Innisbrook Resort's Island golf course prettier than famous sister
PALM HARBOR, Fla. -- Three predatory birds whirled and screeched in the sky, playing out an aerial death duel above the manicured golf course. Two ospreys desperately chased and harassed a bald eagle, who had moments before stolen from them some sort of small, hapless animal, now dangling from the eagle's mouth.
This was but one wildlife moment at the Island Course at Innisbrook Resort, just a long tee shot away from crowded Highway 19, which runs down the western coast of Florida. There's the story of the coyote who wandered in from the woods to watch golfers at the resort's golf academy. It watched for a while, keeping its tips to itself and then ambled back off into the woods when it had enough.
There are geese nesting areas and fat tilapia fanning their beds in the pond alongside No. 10. Then there are the alligators, of course, and the many other critters that wander at will on the 900 acres of the resort. The Island takes a back seat to the resort's other, more famous golf course, the Copperhead, but that may be only because the Copperhead hosts a PGA Tour event every year.
The Island, with its glimpses of primordial, southern swamps, is more scenic than Copperhead. And many say it's as difficult, if not more so, than its more touted sister course.
"The Island is prettier," said Rob Walker, who was just finishing a four-day stay at the resort with friends. "And, for my money, it's just as hard."
The Island also has more history: it was the first course built at the well known resort near Tampa, back in 1970.
"This was the first course built and we sold out on the basis of this course and the clubhouse," resort spokesman Doug Schmidt said.
In any case, the Island and Copperhead are the two headliners of the four resort courses, and you'll get a workout at either one. The Island has more distinctive nines, with the front nine trudging around and through black swampland, with greens framed by moss-draped Cypress trees, looking like an old-time Florida post card.
Then, the course climbs on the back nine, taking advantage of some rare Florida topography -- elevation. The course was designed by Larry Packard, who did all the resort's courses, and the Island, perhaps even more than Copperhead, rewards the bold and accurate, while penalizing the bold and inaccurate. As for the meek, take your par and be happy.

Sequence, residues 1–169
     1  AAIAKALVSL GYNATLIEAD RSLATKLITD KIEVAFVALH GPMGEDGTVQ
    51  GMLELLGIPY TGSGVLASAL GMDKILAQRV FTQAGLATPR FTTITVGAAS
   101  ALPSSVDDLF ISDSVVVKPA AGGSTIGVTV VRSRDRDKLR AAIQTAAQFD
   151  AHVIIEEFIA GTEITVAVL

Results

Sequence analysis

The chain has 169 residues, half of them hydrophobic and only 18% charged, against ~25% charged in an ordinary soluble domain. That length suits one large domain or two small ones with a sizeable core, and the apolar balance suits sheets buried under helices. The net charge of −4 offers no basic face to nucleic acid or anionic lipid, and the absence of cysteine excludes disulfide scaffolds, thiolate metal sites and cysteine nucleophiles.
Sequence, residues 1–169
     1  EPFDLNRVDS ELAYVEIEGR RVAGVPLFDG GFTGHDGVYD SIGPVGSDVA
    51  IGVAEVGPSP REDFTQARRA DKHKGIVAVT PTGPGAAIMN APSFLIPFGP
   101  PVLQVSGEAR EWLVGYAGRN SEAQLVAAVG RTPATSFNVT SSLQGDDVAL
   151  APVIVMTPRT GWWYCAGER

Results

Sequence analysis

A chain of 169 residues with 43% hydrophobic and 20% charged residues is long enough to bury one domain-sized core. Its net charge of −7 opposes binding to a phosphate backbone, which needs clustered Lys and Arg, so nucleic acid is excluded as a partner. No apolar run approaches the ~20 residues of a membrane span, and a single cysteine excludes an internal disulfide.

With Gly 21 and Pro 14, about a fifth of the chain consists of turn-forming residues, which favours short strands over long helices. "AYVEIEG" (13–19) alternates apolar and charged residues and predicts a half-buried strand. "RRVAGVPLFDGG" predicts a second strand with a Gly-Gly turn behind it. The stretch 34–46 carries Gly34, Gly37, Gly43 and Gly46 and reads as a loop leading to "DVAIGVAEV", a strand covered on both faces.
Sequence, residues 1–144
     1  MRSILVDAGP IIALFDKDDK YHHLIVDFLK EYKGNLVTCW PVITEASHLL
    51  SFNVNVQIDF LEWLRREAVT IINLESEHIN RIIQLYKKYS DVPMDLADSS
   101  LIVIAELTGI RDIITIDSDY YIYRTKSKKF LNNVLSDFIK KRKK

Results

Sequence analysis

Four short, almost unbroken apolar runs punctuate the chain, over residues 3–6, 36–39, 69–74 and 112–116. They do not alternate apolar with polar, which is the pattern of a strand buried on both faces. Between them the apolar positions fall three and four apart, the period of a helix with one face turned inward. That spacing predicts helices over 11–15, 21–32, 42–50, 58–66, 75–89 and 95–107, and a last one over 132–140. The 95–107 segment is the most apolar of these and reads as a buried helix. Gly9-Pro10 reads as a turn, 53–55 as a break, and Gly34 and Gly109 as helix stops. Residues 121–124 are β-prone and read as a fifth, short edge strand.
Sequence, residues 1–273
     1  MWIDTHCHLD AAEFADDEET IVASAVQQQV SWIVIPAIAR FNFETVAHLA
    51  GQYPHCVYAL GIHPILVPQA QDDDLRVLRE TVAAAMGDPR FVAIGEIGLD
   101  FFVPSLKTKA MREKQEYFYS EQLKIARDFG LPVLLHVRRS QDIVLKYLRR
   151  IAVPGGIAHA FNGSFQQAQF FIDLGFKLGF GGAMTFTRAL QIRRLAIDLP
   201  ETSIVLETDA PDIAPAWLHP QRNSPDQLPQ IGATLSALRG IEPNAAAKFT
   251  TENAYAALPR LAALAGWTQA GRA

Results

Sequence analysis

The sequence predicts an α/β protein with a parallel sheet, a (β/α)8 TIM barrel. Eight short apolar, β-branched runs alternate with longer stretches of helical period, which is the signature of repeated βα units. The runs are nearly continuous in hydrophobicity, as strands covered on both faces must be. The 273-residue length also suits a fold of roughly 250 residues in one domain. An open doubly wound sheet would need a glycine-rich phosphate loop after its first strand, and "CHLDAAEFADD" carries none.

No. 5, for example, gives your tee shot a good roll if you hit the right spot in the fairway, avoiding the hazards. And if you hit your tee shot to the correct spot on the dogleg right No. 9 -- on the right side of the fairway -- it will feed down toward the water, giving you about 130 yards into the green instead of 175 if you play it safe. Again, if you miss, you're in some tough rough.
No. 15 is the same: a good tee shot over the left-fairway bunker will get you 30 to 40 more yards, or you can play it safe to the right and take the bunker out of play. Water comes into play on many of the holes and beckons you to come close, providing as it does the best and shortest routes to the promised land.
The Island Course at Innisbrook: The verdict
I actually preferred the Island Course at Innisbrook over the Copperhead, by the slimmest of margins. I liked the swampy feel and the isolation, though Copperhead has even fewer villas along the course to spoil your walk in nature. The Copperhead is a stroke or two more difficult, but it seemed to me the Island has a slight edge in its mix of interesting and varied holes.
The Island has been ranked among the country's top 50 resort courses by Golf Digest and Travel & Leisure Golf rated it 14th in its "Fifty Finest in Florida." The course has been a regional qualifier for the U.S. Open and has hosted the NCAA championships, which Phil Mickelson won here in 1990.
Lodging at Innisbrook
Innisbrook is one of those all-inclusive golf resorts where you'll never have to start your car engine or carry your clubs, unless you want to practice your bad swing in the privacy of your golf villa. They'll whisk you and your clubs to whichever course you happen to be playing that day and all you have to do is show up for your tee time.
It's a big resort, built on more than 900 acres between Highway 19 and the Gulf of Mexico, with the beaches a short, though congested, drive away. The resort has 600 guest suites in 28 lodges scattered around the grounds, with six swimming pools, including the monster Loch Ness, which reportedly cost $3.4 million to build.
There's a fitness center, of course, a wildlife preserve, 60 acres of lakes -- including some mighty fat largemouth bass -- as well as jogging and cycling trails. If you tire of golf, there are 11 tennis courts and three indoor racquetball courts. For you business types, there's 65,000 square feet of "flexible meeting and banquet space."
May 6, 2005